2017’s Best & Worst States for Working Moms

For all the moms who work outside the home, the work-life balance can be burdensome and the struggle is real. And depending where you live, working moms may have things better than average, or sadly worse, due to factors such as day care availability and cost, the gender pay gap, the male-to-female executive ratio, and more.


WalletHub, the personal finance website, conducted an in-depth analysis of the best and worst states for working moms in 2017. According toWalletHub, "Women make up nearly half of the U.S. workforce, and more than 70 percent of moms with children younger than 18 are working."

The ongoing issue of workplace inequality continues to make headlines, and although changes are coming about in some respects, "in 2015, women working full time in the United States typically were paid just 80 percent of what men were paid, a gap of 20 percent," as per The American Association of University Women (AAUW), and this gap is worse for mothers, according to AAUW.

Using 13 key metrics, WalletHub compared and contrasted the attractiveness of all 50 U.S. states and Washington D.C., resulting in their findings for which fared the best and which are the worst for working moms. Using 3 key dimensions, child care, professional opportunities, and work-life balance, WalletHub further broke down those areas into specifics and rated their merits on a 100-point scale. Factors including commute time, parental-leave policies, hours worked per week, salary, female unemployment rate, and more were all studied and graded.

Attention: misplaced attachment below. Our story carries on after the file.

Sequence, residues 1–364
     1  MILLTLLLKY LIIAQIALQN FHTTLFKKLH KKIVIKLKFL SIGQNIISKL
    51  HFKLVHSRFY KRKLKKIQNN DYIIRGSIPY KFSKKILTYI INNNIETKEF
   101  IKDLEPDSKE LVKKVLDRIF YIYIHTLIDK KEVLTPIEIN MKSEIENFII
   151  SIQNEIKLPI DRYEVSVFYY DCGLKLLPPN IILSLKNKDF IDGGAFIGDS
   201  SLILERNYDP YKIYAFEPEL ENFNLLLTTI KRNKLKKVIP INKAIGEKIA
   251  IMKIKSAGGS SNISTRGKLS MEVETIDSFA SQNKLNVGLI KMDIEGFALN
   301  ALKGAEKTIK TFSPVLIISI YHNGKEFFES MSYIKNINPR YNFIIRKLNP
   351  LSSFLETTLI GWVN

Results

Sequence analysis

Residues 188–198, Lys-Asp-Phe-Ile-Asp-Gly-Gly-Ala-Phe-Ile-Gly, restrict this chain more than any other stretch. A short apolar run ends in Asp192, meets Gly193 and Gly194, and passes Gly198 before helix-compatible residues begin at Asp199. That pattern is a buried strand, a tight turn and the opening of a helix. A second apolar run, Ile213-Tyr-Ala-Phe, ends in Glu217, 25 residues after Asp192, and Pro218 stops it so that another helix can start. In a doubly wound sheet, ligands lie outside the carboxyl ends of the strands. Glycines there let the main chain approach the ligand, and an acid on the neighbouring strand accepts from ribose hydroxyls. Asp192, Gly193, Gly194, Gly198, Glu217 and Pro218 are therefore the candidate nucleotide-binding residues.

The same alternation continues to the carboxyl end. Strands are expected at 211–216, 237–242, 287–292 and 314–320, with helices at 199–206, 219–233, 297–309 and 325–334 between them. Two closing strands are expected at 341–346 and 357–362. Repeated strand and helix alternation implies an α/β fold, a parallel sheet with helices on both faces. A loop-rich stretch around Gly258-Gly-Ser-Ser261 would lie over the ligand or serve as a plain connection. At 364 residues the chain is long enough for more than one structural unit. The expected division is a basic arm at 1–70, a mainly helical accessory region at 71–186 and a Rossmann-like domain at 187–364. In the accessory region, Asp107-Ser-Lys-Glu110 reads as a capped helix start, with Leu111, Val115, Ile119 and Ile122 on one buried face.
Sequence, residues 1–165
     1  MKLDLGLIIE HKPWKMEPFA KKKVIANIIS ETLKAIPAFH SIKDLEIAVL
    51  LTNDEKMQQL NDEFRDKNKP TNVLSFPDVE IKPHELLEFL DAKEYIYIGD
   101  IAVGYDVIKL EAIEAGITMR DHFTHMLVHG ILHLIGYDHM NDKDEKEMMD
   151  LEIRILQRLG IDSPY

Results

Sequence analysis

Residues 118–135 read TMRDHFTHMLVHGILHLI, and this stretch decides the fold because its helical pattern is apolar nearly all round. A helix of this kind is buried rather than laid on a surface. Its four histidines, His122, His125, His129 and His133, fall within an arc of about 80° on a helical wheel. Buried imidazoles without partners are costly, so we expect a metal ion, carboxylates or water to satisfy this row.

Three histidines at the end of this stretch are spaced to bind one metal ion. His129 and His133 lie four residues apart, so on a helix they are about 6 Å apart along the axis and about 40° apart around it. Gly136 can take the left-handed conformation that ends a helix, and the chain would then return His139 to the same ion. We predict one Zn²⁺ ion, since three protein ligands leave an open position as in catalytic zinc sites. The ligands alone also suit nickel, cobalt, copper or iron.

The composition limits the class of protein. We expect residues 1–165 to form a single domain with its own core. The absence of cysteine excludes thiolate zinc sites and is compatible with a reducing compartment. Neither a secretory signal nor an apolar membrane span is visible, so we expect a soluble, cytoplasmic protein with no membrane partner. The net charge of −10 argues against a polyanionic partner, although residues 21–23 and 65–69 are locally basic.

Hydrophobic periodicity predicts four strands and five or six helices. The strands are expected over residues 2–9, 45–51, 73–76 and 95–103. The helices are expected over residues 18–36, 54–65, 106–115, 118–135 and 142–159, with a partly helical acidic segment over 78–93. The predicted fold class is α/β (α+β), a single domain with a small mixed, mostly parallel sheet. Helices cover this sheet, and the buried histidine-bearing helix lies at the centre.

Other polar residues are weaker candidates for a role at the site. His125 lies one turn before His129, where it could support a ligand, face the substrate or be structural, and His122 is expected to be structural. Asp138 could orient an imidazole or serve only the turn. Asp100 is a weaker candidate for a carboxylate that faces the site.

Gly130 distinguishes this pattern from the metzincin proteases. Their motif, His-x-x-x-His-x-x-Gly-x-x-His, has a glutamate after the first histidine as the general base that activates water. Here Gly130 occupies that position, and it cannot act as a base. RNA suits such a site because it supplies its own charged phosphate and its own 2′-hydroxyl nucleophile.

WalletHub determined the top 5 best states for working moms to be Vermont, Minnesota, New Jersey, Delaware, and Connecticut, and the worst 5 were Alabama, Louisiana, Nevada, Arizona, and Alaska.

While New York wasn't one of the top 5, the state ranked best for day care systems. Idaho was at the bottom of the list. Hawaii had the lowest gender pay gap with Wyoming the highest. Childcare costs are lowest in Mississippi and highest in D.C.

To see the complete rankings and more details on the study, visit the WalletHub site for an in-depth look.

Do you live in one of the top or bottom 5 states? If you're a working mom, or plan to become one, this information is crucial when it comes to considering a relocation or assessing your family's needs. In a related study, be sure to consider the 10 most expensive cities to raise a child in the U.S.

Some may argue that being a mom is one of the most challenging jobs one could have. Being in the right state (and state of mind) can make a big difference in the success of a working mother.

PayPath
Follow Us on
Photo by Arlington Research-Unsplash

You’re powering through your morning. You’re in the zone. Getting so much done. But then you get Slacked with an innocent question: “Gotta moment to discuss the Jefferson thing?”

Keep readingShow less

Ever since the pandemic popularized (or forced) virtual meetings and, countless companies adopted the hybrid work model or went completely virtual. And once the public health crisis was declared over, we remained confined to our desks in our kitchens and attics working from home.

Keep readingShow less

April 18 came and your taxes were not ready. So you filed a tax extension. Well, you should file an extension, if you haven't already. Form 4868 is one of easier tax forms to fill out and it will give you an extra six months to get your taxes together. Everyone is eligible for a tax extension. The extension gives you until October 17 to file your taxes, but keep in mind if you owe the IRS money; it is still due April 18. Once you've filed an extension, what happens next?

Keep readingShow less